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As an historical figure Mary Queen of Scots has been perpetually represented on canvas, page and stage, and has captured the British imagination since the time of her death in 1587. The 'real' Mary Stuart however has remained an enigma. Mary Queen of Scots: Romance and Nation sheds light on Mary's life by exploring four main themes: * the history of Mary's representation in Britain from the late Tudor period focusing on key periods in the formation of the British identity and closely analysing several texts against a background of the visual, musical and literary works of each period * the reasons why those representing Mary have been so conscious that her image was largely a debatable fiction * the identification of symbolic styles, using Mary to reveal the habits of representation in each historical period * The link between the image of Mary Stuart and Britain's long struggle to define itself as a single nation, focusing on the roles of gender and religion in this development.


Questions Dictionary of History

Questions Dictionary of History

Questions Dictionary of History

Author: Joy Palmer

Publisher: Bloomsbury Publishing

Isbn 10: 1441103236

Category: Education

Number of Pages: 98

Number of Views: 1416

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Who were the Aztecs? When was the Battle of Britain? What is the Bayeux Tapestry? The Questions Dictionary of History provides an A-Z of major events in world history. The book provides snapshots of famous people, key facts and events and illustrations so that children can consolidate their learning. Designed for use at Key Stage 2 and Key Stage 3, The Questions Dictionary of History will also be a very useful revision aid for older children. Its content has been chosen to include words within the capabilities of pupils in the primary and early secondary years of schooling. All words are relevant to the teaching and learning of art in the National Curriculum. This dictionary will make a valuable addition to any classroom's collection of basic reference books and to every school's library of books on the subject of history.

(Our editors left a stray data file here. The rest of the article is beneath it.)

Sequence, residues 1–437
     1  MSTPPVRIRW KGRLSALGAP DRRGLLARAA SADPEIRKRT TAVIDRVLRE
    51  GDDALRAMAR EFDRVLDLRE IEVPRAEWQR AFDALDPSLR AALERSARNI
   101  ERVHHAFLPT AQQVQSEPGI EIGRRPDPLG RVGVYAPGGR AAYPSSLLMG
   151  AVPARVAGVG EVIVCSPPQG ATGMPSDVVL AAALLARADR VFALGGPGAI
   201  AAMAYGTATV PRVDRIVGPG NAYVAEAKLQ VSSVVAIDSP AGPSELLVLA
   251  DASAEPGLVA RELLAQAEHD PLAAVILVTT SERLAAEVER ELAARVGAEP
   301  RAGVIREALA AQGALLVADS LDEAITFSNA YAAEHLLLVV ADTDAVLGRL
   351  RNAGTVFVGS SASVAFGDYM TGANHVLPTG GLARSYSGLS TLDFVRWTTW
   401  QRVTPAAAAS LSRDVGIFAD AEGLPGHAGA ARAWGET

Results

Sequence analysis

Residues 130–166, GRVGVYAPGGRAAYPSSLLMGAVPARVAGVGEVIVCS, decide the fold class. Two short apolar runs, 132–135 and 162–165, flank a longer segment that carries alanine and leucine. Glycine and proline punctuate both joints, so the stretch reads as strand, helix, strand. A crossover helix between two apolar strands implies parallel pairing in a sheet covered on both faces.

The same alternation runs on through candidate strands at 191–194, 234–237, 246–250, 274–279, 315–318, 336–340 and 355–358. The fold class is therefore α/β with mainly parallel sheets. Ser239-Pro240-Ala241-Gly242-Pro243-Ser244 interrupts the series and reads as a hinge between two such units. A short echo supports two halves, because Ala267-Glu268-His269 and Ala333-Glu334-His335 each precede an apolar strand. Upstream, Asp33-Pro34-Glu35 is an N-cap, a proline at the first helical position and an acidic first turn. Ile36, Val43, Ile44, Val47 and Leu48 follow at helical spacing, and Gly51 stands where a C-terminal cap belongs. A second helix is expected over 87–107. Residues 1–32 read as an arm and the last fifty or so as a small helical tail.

The Sultan and the Queen

The Sultan and the Queen

The Sultan and the Queen

Author: Jerry Brotton

Publisher: Penguin

Isbn 10: 0698191633

Category: History

Number of Pages: 352

Number of Views: 1198

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The fascinating story of Queen Elizabeth’s secret outreach to the Muslim world, which set England on the path to empire, by The New York Times bestselling author of A History of the World in Twelve Maps We think of England as a great power whose empire once stretched from India to the Americas, but when Elizabeth Tudor was crowned Queen, it was just a tiny and rebellious Protestant island on the fringes of Europe, confronting the combined power of the papacy and of Catholic Spain. Broke and under siege, the young queen sought to build new alliances with the great powers of the Muslim world. She sent an emissary to the Shah of Iran, wooed the king of Morocco, and entered into an unprecedented alliance with the Ottoman Sultan Murad III, with whom she shared a lively correspondence. The Sultan and the Queen tells the riveting and largely unknown story of the traders and adventurers who first went East to seek their fortunes—and reveals how Elizabeth’s fruitful alignment with the Islamic world, financed by England’s first joint stock companies, paved the way for its transformation into a global commercial empire.


After the Bloody Mary Game

After the Bloody Mary Game

After the Bloody Mary Game

Author: David Breeden

Publisher: Wipf and Stock Publishers

Isbn 10: 1532613288

Category: Philosophy

Number of Pages: 212

Number of Views: 1573

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After the Bloody Mary Game is for anyone interested in exploring humanism. Full of insight and humor, this book both explores where humanism has been and points a way toward an inclusive and multifaceted future for Humanism.


Virgin to Victoria

Virgin to Victoria

Virgin to Victoria

Author: Trisha Hughes

Publisher: Book Guild Publishing

Isbn 10: 1912575396

Category: Fiction

Number of Pages: N.A

Number of Views: 404